“Good boy Reece, I won’t be long,” said Joe, smiling at the bewildered youth as he drove past.

When he saw the green four-wheel drive again Constable Reynolds wanted to believe the cocky was taking an alternative route to his property, but he was wrong. The policeman watched in slack-jawed amazement as the vehicle came to a halt twenty yards from the tree where the eagle awaited its fate.

Joe knew he wouldn’t have much time. He quickly brought the vehicle to a skidding halt, thanks to the abundance of damp sheep droppings. A strange instinct drives sheep to shelter on high ground.

“Duke, off,” said Joe as he exited the vehicle. He needed the vehicle to rest the rifle on and didn’t want the dog on the tray. He might move and spoil what would have to be precise shot placement. He quickly flipped open the rifle case and took up the familiar content.

The big dog was off the tray in one powerful bound. He felt his master’s mood.

Before the police officer had negotiated the fence, urged on by the jeering crowd, Joe had the rifle on target with a cartridge in the chamber. He used the vehicle cabin as support for his left hand that held the rifle, his left hip firm against the edge of the Landcruiser tray. As the sights settled Joe touched the trigger, sending the little forty-grain projectile on a 3,600 feet per second mission of mercy. Joe didn’t hear the shouting and jeering crowd; his entire focus was on placing the projectile. The first shot was not a total success, but a second would soon be on its way. Joe’s right hand was a blur as he worked the rifle’s slick bolt, never taking the stock from his shoulder or losing his sight picture during the process.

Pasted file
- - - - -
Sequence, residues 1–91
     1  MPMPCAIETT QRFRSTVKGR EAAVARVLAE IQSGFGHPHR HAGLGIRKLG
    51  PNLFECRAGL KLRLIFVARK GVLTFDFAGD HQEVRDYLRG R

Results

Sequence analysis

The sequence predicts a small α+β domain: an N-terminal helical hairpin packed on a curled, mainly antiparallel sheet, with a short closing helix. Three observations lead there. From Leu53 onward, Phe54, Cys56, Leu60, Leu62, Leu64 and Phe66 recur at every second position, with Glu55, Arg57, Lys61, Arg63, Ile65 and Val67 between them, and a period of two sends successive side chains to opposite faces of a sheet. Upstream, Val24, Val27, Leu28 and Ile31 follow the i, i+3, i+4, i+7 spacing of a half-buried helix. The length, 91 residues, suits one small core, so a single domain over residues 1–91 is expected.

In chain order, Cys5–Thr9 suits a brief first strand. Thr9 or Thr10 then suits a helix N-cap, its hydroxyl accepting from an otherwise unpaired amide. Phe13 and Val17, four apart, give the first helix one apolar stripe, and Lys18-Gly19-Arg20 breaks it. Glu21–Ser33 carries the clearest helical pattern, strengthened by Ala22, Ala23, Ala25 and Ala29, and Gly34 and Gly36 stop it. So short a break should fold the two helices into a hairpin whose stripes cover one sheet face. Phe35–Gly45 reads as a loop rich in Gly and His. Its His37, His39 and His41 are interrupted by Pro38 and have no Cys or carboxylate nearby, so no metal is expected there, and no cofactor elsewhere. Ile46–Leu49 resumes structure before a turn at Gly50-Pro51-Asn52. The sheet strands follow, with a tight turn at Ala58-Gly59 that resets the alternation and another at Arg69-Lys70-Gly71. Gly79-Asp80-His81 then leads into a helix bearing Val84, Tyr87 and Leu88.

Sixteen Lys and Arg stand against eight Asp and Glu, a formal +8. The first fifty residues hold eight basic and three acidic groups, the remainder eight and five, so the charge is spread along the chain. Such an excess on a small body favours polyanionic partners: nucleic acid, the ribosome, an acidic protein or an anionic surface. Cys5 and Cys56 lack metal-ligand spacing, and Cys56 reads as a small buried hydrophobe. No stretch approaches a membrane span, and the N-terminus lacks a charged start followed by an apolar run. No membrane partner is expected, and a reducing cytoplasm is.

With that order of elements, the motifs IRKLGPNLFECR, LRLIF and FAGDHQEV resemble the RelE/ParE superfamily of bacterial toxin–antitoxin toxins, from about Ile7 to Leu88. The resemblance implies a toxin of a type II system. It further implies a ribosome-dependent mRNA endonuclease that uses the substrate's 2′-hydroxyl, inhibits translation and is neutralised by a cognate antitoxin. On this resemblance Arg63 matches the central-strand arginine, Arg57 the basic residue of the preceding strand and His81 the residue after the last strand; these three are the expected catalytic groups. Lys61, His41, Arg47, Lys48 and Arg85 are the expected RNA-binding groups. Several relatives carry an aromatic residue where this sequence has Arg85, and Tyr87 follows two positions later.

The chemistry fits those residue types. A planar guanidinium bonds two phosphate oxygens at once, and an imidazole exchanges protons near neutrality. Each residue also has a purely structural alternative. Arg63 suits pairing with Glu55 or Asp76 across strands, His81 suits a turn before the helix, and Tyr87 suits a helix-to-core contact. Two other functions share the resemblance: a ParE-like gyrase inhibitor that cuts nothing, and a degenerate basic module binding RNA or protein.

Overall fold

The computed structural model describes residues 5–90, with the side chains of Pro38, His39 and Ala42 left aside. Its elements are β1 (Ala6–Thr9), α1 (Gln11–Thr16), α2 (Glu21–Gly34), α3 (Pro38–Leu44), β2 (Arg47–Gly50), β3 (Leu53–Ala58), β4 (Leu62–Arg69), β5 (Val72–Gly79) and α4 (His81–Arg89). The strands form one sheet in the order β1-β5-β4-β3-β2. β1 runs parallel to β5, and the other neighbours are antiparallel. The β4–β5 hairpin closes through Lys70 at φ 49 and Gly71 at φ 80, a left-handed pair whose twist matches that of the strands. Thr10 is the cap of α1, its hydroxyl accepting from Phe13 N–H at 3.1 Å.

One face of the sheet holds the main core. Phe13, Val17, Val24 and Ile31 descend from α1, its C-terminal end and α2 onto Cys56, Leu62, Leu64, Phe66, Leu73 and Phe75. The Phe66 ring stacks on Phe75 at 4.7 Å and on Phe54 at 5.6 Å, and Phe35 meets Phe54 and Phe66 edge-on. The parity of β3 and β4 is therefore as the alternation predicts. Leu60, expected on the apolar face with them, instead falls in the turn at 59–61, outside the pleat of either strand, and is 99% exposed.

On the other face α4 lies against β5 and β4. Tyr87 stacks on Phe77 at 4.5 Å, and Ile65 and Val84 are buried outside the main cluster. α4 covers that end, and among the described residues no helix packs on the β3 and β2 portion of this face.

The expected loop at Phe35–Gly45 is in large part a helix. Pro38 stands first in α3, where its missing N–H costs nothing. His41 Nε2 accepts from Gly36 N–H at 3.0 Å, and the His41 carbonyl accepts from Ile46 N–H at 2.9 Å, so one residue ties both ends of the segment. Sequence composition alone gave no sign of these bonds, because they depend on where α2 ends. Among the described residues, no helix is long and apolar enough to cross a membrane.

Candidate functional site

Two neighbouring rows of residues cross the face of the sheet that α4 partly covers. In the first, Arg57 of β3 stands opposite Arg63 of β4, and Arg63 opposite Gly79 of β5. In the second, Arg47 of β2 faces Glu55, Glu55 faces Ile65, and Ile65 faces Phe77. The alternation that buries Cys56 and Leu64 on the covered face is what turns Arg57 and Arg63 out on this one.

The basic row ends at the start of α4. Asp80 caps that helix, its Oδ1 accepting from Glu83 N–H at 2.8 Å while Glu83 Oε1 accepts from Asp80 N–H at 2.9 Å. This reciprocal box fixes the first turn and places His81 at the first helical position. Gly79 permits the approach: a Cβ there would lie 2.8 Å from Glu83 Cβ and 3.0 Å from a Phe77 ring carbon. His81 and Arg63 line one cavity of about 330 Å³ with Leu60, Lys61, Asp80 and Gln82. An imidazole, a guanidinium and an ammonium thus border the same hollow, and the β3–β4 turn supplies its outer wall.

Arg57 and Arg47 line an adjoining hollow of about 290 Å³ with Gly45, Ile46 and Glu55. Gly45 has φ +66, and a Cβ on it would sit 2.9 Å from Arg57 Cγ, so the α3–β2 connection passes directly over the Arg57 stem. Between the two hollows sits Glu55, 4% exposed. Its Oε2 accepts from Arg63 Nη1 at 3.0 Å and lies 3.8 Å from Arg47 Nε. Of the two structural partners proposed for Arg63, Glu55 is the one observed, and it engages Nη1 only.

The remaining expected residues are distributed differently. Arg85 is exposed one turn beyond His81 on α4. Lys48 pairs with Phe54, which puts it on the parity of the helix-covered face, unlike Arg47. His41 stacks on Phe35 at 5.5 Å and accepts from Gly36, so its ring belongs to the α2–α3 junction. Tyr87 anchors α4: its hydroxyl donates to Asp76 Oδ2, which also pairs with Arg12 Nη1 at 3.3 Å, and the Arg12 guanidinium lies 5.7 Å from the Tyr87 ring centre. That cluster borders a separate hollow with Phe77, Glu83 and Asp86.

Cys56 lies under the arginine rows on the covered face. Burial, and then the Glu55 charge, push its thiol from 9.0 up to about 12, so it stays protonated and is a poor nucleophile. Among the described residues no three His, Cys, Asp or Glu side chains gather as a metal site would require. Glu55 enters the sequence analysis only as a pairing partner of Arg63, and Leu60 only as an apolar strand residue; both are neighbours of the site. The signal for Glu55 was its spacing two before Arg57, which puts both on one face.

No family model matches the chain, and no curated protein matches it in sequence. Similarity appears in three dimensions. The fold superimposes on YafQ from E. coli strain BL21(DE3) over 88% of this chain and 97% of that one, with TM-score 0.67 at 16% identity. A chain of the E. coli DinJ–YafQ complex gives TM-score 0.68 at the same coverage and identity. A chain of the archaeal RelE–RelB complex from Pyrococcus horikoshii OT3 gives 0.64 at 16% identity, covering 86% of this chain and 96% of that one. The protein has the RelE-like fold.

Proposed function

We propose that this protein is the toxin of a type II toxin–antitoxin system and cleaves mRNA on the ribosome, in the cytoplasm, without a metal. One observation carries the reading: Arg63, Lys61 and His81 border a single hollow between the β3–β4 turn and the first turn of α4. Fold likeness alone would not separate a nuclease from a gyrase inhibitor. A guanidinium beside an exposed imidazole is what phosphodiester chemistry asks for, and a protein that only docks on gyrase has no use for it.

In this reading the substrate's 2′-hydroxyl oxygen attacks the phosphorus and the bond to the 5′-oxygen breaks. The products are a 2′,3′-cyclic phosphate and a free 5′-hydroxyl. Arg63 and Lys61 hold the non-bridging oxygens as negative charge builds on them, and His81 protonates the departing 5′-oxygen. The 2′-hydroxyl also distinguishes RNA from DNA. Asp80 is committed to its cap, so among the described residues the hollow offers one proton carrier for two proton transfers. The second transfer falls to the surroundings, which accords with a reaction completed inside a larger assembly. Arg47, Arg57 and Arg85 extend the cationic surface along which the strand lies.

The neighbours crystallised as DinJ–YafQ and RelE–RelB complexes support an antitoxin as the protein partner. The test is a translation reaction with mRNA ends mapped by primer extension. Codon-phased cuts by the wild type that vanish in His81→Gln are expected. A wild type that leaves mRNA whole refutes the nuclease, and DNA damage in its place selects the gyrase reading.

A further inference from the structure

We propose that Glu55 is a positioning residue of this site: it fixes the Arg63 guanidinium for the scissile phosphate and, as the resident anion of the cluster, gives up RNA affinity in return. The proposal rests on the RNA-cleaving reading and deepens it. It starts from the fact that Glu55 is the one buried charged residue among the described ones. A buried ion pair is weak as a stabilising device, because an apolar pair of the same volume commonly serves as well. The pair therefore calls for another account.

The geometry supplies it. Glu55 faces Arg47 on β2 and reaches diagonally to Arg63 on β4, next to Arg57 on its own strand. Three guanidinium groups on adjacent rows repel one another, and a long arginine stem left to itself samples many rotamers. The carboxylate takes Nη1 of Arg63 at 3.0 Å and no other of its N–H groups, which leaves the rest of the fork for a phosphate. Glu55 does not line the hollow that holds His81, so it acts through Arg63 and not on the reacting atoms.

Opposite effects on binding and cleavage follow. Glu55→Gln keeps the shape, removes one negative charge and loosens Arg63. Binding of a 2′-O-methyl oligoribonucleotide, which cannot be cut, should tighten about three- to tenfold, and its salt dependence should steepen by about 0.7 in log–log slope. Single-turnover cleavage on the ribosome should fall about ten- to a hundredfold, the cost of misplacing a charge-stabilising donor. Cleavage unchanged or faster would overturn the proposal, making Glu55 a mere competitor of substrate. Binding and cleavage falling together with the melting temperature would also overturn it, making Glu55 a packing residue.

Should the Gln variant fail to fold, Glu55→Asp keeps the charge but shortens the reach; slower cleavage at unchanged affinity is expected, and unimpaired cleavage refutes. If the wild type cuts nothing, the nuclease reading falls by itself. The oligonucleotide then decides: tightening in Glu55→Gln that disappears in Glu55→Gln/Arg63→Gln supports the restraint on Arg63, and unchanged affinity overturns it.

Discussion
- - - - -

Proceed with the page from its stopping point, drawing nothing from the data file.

“Stupid bastard, missed by three feet,” shouted the elderly man contemptuously, speaking to no one in particular, his eye glued to the spotting scope.

Assaulted by the whip-like crack of the rifle the eagle resumed its vain struggle for freedom, beating the air with its wings, inadvertently creating a moving and more difficult target.

The angry police officer was having problems, the smooth soles of his shiny black riding boots proving no match for the greasy surface of the sheep camp. This was another insult for which this man whose name he had already forgotten would pay. He was barely half of the thirty-odd yards to the green four-wheel drive when the second shot was unleashed.

All Joe’s concentration went to placing the second projectile alongside the first. Like the previous missile it wreaked mayhem on the target and set the struggling bird suddenly free. Feeble, weak and hindered by the still attached limb, the bird fell twenty feet before catching air and then managing an untidy glide. The bird came clumsily to earth twenty yards from the closest member of the astonished crowd. Regaining its feet, wings spread, the proud creature hissed its defiance at the suddenly shame-faced former hecklers.

Constable Reynolds, his ego suddenly torn to shreds, stood flat-footed. Right fist closed around the butt of his 38 special revolver, he hesitated, for he didn’t think he could draw and fire before the snarling dog could spring. Teeth bared, hackles up, Duke was a formidable sight. Even with his poor comprehension Constable Reynolds could interpret canine.

Instinctively Joe bolted a third cartridge into the rifle’s chamber and took in the scene as he turned.

“Duke, come off, come behind.” He spoke calmly to his bodyguard. The big dog obeyed, but walked backwards to his master sensing that the threat was not completely removed.

The Constable let go of his revolver, regaining a little of his composure and a lot of his attitude.

“You bastard! I ought to run you in for this,” but there was little conviction behind the childish threat, made by a man grasping feebly to save some of his demolished superiority.